John Dewey – a well-regarded American philosopher – nearly a hundred years ago said, “If we teach today’s students as we taught yesterday’s, we rob them of tomorrow.”
With the COVID-19 pandemic bringing so many changes to every aspect of our lives, from how we move around our towns and cities to how we interact with our coworkers, it is important that we begin discussing alternatives to the traditional in-person education system we have utilized in the past. I have always been an advocate for technology being used in classrooms: whether that was during my time volunteering to help young, underserved kids in S.T.E.M.; co-teaching a seminar for teachers on how to incorporate video games into the classroom; or as a panelist in a lesson designed to educate college students planning on becoming teachers and how to use technology in the classroom.
Video games in education
It has always surprised me that society frowns upon educating younger students through video games while it trains their pilots and doctors through simulations that could very well be considered video games. Video games provide something that long lectures can’t: engage students in enjoyable and memorable kinesthetic learning, allowing them to gain advanced skills that are meaningful in professional life. To be clear, I’m not advocating to let students play Call of Duty: Warzone – a first-person shooter game – during class; I believe games like Minecraft – a game where everything is made of cubes – can be used to teach important concepts like programming and team building. Minecraft EDU (the education version of Minecraft) has built-in tutorials and problems in which students need to program an in-game robot to move and do various tasks such as placing down and moving around said cubes. I have seen that when structure is provided in games that are meant to be educational, and not just used as a breaktime opportunity, students begin to learn concepts better, understanding them not only on the theory level of lectures and presentations but on the practical level that our modern workforce is now requiring.
That is not to say let all students play Minecraft EDU however and whenever they want to. A free-for-all game of Minecraft will not teach students how to code. It would more likely lead to disaster with a yelling competition across the classroom, and I have definitely seen cases of this sort of teaching before; however, with proper structure and guidance from the teacher, video games could be used as an excellent supplement to teach students. For example, a GeoGuesser-like game might help a teacher reinforce different architectural styles of buildings from different locations and eras.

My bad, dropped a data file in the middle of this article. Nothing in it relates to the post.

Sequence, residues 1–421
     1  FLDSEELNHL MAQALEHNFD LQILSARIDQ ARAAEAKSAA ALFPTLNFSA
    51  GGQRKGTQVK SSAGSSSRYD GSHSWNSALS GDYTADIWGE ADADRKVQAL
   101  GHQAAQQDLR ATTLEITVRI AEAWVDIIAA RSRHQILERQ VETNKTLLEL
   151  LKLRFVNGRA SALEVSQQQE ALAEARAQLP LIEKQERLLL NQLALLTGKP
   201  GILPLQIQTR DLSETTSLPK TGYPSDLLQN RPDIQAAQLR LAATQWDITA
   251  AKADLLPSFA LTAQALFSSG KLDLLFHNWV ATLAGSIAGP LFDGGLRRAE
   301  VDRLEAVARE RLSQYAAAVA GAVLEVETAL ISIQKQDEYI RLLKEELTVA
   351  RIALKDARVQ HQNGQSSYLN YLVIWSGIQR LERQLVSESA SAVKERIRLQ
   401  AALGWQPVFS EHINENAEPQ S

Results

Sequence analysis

Therefore, if video games are helpful in the classroom, why aren’t we using them? It is not for a lack of existing games: Gimkit, a question-asking game great for preparing students for tests and quizzes; icivics, a website full of minigames regarding the American government; phet, a bundle of various simulations from basic molecule modeling simulations for chemistry to advanced energy transfer simulations for physics; or the infamous wordle, to encourage students to increase their vocabulary. And just like the problem is not a lack of games, it is not a lack of resources either. Many school districts around the country are pouring money into buying tablets and laptops for students. With that, however, has come volleys of criticism toward major school districts over concerns such as lack of social interaction and creating distractions in the classrooms, and yes, both are legitimate concerns that can easily be countered.
Socializing through games
Social interaction can easily be maintained in the classroom by using games that are collaborative rather than individualized, forcing students to talk to one another and work together to solve the same problem, all while having fun playing an educational video game. For the second issue at hand, we can easily counter it by blacklisting, the process of preventing access to certain websites, programs and distractions, or by using software to allow teachers to monitor and control students’ computers, such as by remotely locking the computer. The probably most realistic argument is that people haven’t adjusted to the new technology. Around 200 years ago, there was an incident colloquially called the Yale Chalkboard Revolution; Yale, around this time, started implementing chalkboards in classes and lectures, and many students began fiercely arguing against using the chalkboard for a multitude of reasons. Yet, at the end of the day, chalkboards and dry-erase boards can now be found throughout numerous public schools and are commonly cited as a great resource for the classroom. Change is inevitable, and technology is commonplace at work. It is about time we allow it to be commonplace in schools.
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